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Key Documents Leading to Establishment of the

Interagency Radiation Research Committee

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The President has signed an executive order creating a Radiation Policy Council and has directed the secretary of Health, Education, and Welfare to establish an Interagency Radiation Research Committee. These actions implement decisions announced by the President on October 23, 1979, designed to improve the federal government's policies and programs related to radiation protection.

The Radiation Policy Council will coordinate the federal programs to reduce exposures to radiation from all sources, including medical and dental exposures; will be responsible for resolving conflicts in jurisdiction among federal agencies; and will recommend corrective legislation when needed. The Council wiil be responsible for liaison with the States and the Congress. It will also serve as a forum for public participation and comment and wiil stimulate information programs for the public and the media.

Douglas M. Costle, administrator of the Environmental Protection Agency, will chair the Radiation Policy Council. Other members will be high officials of the Departments of Defense, Justice, Commerce, Labor, HEW, Housing and Urban Development,. Transportation, and Energy, also the Veterans Administration, the National Science Foundation, and the Federal Emergency Management Agency. The Nuclear Reguiatory Commission has been invited to participate.

The Interagency Radiation Research Committee will supersede an active Congressionally-mandated committee which has already reviewed various federally-supported studies. The committee will prepare an annual report on federal research activities for use in the President's budget request.

The President's budget request for FY 1981 includes $111.5 million for research on the biological effects of ionizing radiation, work supported by 15 agencies or departments. The budget is the result of a cross-agency review conducted by the Office of Management and Budget and the Office of Science and Technology Policy at the President's direction. This budget will assure a sound research program on the long-term health effects of low-level radiation and appropriate roles for the major agencies involved.

Today's actions complement the President's announcements on December 7, 1979, of his response to the recommendations of the Commission on the Accident at Three Mile Island, and on February 12, 1980, of his comprehensive program for management of radioactive wastes. These actions, taken together, substantially enhance the coordination of the federal government's varied activities related to radiation. These actions will improve the protection of the Ame:ican people from unnecessary exposures to medical, occupational, and environmental sources of radiation and increase their understanding of radiation uses and radiation hazards.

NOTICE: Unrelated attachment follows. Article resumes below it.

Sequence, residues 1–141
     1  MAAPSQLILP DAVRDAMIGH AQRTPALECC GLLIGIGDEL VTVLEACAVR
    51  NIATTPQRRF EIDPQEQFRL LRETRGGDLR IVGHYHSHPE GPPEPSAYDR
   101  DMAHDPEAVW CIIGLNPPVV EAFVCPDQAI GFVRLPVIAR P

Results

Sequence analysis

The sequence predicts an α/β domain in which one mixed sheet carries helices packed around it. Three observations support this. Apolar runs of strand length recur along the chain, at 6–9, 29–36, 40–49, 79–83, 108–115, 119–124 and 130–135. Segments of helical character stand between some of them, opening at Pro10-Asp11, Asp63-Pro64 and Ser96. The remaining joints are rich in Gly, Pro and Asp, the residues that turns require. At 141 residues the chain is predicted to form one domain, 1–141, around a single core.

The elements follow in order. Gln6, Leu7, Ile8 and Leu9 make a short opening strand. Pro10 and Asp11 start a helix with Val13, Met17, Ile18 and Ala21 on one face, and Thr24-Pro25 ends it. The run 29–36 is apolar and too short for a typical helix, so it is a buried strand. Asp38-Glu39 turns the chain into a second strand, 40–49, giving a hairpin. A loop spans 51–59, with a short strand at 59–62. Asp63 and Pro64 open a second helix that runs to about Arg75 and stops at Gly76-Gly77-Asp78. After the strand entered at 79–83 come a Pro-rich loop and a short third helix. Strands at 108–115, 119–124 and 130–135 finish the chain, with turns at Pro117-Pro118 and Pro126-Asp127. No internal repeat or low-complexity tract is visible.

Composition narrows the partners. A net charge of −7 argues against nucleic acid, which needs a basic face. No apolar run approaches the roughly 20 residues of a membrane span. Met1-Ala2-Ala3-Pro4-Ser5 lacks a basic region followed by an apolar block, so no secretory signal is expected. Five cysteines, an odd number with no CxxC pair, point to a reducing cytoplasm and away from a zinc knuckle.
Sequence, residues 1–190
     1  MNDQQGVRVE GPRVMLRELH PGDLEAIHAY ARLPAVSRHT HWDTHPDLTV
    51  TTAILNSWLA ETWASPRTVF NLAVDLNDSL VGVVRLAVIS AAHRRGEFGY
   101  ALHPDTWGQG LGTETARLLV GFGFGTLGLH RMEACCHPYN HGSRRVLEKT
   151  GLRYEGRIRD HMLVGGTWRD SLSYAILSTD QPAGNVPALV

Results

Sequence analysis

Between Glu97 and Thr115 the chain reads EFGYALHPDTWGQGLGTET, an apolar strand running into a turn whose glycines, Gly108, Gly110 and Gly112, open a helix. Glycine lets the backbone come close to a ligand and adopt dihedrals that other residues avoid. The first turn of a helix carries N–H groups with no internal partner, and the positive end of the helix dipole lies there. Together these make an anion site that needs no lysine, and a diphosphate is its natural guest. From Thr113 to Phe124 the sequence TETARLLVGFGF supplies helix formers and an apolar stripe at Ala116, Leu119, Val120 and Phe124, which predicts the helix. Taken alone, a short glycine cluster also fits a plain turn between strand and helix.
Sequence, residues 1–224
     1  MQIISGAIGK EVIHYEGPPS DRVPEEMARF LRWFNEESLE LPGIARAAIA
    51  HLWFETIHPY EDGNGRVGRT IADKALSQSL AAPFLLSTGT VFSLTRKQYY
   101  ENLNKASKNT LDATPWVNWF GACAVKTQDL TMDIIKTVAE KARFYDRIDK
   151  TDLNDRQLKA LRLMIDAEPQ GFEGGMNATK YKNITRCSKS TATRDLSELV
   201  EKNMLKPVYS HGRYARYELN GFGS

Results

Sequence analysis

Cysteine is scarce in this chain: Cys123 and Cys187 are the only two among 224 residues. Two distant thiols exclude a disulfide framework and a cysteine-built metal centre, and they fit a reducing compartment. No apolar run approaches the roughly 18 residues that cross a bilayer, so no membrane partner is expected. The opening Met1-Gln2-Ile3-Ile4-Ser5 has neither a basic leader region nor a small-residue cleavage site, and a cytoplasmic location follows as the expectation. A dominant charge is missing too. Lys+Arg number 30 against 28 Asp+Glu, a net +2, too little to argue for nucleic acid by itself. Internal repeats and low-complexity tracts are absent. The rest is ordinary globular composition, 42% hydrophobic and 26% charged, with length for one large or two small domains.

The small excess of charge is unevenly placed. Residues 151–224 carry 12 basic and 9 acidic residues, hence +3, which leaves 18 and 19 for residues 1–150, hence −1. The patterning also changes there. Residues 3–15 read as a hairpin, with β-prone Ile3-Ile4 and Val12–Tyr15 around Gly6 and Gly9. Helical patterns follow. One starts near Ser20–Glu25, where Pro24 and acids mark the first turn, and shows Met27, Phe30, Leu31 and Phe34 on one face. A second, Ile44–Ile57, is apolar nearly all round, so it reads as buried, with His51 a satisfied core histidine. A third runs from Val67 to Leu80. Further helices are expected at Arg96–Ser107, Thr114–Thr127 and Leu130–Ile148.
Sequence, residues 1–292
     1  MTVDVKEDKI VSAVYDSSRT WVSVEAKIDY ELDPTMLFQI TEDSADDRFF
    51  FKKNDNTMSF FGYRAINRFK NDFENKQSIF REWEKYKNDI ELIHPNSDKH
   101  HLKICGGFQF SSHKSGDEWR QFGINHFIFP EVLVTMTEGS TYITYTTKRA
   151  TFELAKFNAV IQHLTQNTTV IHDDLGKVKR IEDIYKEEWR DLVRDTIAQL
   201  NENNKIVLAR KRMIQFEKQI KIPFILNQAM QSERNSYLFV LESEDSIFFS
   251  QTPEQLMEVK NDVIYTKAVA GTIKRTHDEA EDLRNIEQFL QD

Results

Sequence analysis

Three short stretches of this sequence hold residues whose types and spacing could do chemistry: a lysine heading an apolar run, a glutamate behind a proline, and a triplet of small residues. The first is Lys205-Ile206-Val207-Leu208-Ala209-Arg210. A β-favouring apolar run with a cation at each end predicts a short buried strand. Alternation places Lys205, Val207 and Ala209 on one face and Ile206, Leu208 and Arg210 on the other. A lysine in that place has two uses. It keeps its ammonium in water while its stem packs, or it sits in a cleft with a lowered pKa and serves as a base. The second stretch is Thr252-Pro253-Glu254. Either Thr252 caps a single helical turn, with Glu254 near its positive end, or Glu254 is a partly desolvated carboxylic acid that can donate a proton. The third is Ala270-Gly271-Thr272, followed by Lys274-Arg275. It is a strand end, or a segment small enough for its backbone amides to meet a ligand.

(For further information, contact Carl Gerber, 395-4931, or Gilbert Omenn, 456-7116.)

WASHINGTON

February 21, 1980

MEMORANDUM FOR

THE SECRETARY OF DEFENSE
THE SECRETARY OF LABOR
THE SECRETARY OF HEALTH, EDUCATION,

AND WELFARE
THE SECRETARY OF ENERGY
THE ADMINISTRATOR OF THE ENVIRONMENTAL

PROTECTION AGENCY
THE ADMINISTRATOR OF VETERANS AFFAIRS
THE DIRECTOR OF THE NATIONAL SCIENCE FOUNDATION

SUBJECT:

Interagency Radiation Research Committee

After reviewing the recommendations of the Interagency Task Force on the Health Effects of Ionizing Radiation, I have concluded that there is a need for a formal, interagency mechanism to coordinate the extensive and diffuse Federal program of research into the biological effects of ionizing radiation.

I am therefore instructing the Secretary of Health, Education, and Welfare to establish an Interagency Research Committee with membership drawn from the agencies and departments addressed by this memorandum. And by a copy of this memorandum, I am also inviting the Nuclear Regulatory Commission to name a member to the Committee. The staff and other support necessary for the Committee to carry out its functions shall be provided by HEW.

I am requesting that each of the participating organizations name a representative at a senior level to serve on the Committee. The Committee may request the participation of other agencies as members or observers.

The Committee shall coordinate the Federal government's conduct of a comprehensive research program on the biological effects of ionizing radiation in order to ensure that the program is comprehensive and carried out efficiently, objectively, openly, and in accord with the highest scientific standards. The Committee shall:

Coordinate the planning, implementation, and
evaluation of Federal radiation research programs.

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